There are similarities – uncomfortable ones – in the current spate of mergers, acquisitions and general polarising of major gambling companies, which are highlighted in a review of the trends by a Daily Telegraph article (September 9).

The mix of William Hill, Ladbrokes, Coral, 888, GVC, Betfair, Paddy Power, Rank and others, featuring in successful and unsuccessful "marriages", is reminiscent of the scenario which is persistent much lower down the scales, admittedly, within the street market.

It is fortunate that the activity is largely confined to dog-eat-dog within the operating sphere, for the creativity/manufacturing sector (save perhaps 888) is largely not among those involved. But that is because there’s not a lot left.

And it is clear that it is inspired by a succession of fiscal and regulatory factors, which in itself might not be a bad thing, some might argue. After all, some kind of streamlining and tidying up of the entire sector is not without its attractions.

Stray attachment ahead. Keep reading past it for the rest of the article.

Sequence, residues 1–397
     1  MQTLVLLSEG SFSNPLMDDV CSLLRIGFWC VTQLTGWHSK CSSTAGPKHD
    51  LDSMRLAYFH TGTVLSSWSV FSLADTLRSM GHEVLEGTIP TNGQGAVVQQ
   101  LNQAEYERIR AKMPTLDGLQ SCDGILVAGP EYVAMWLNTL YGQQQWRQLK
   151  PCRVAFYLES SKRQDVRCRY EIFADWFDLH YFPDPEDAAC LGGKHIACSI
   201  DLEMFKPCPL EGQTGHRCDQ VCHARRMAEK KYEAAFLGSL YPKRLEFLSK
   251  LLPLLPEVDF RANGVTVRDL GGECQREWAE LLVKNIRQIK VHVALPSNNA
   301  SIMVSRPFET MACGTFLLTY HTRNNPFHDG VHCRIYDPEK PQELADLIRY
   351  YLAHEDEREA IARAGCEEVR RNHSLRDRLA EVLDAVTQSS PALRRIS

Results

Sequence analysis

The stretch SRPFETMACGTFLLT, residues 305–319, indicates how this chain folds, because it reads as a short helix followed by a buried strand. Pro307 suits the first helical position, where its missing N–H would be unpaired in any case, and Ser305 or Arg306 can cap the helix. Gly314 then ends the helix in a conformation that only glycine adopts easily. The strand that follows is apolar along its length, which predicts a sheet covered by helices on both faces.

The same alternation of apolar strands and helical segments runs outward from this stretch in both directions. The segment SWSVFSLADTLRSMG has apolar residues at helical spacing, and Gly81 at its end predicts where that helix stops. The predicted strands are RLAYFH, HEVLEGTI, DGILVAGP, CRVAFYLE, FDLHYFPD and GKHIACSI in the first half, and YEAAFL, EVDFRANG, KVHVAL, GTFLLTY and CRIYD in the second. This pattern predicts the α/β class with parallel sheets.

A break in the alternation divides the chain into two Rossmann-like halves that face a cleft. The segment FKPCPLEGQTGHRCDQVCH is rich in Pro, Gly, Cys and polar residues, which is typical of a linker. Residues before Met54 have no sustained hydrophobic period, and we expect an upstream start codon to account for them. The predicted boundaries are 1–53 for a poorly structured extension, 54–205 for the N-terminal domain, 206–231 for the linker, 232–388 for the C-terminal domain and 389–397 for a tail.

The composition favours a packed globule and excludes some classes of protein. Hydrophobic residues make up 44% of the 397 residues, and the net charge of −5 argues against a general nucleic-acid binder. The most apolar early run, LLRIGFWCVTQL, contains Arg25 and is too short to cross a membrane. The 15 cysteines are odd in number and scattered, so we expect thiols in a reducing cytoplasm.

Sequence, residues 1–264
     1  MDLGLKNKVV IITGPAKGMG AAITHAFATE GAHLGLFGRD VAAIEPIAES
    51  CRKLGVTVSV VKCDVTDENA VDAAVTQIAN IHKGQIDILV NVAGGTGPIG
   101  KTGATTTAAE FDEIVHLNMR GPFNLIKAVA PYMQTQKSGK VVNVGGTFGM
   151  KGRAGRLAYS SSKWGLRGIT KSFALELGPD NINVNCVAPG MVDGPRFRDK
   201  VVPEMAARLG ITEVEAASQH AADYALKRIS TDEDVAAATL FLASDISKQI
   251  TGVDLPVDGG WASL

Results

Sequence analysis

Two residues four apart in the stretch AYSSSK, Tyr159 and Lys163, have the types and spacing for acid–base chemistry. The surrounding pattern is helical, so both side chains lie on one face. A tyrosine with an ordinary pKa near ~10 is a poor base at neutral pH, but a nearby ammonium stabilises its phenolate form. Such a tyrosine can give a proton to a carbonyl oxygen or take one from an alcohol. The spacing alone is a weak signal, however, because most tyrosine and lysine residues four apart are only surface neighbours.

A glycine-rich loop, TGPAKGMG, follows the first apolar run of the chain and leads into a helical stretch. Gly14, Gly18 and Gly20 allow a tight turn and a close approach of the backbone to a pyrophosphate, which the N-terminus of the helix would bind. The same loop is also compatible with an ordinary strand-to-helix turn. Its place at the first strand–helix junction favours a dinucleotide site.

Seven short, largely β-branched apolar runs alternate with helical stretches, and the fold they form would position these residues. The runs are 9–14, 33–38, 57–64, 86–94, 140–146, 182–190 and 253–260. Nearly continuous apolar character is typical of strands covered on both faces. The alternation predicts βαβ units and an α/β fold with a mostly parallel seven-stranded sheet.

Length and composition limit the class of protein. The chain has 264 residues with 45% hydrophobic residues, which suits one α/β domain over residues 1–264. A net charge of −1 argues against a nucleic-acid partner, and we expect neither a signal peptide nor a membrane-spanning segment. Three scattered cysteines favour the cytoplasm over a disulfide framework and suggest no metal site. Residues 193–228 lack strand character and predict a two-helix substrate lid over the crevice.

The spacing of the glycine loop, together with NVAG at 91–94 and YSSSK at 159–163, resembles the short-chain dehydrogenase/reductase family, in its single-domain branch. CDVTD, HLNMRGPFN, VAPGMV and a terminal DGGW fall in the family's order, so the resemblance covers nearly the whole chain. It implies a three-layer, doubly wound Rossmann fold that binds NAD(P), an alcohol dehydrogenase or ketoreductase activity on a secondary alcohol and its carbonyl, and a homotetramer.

The same can be said of the street market, where ailing operations – usually rendered so, historically, by downright bad commercial decisions, rather than government-inspired slings and arrows – has led to a severe polarising of the sector.

You might ask, what’s left to be picked up? Take the big betting industry out of the equation, where clearly there are opportunities but in the £/€/$1bn-plus bracket, and it is really bits and pieces; smaller operations and a few lesser manufacturers and bijou development companies, which may fall prey to larger brethren seeking acquisitional, rather than organic, growth.

It is interesting that nowhere in the above do I mention a specific country that might form the geographical base for the musing. That’s deliberate. Take the conclusions and apply them to just about anywhere in Europe and the reader might discover that the cap fits.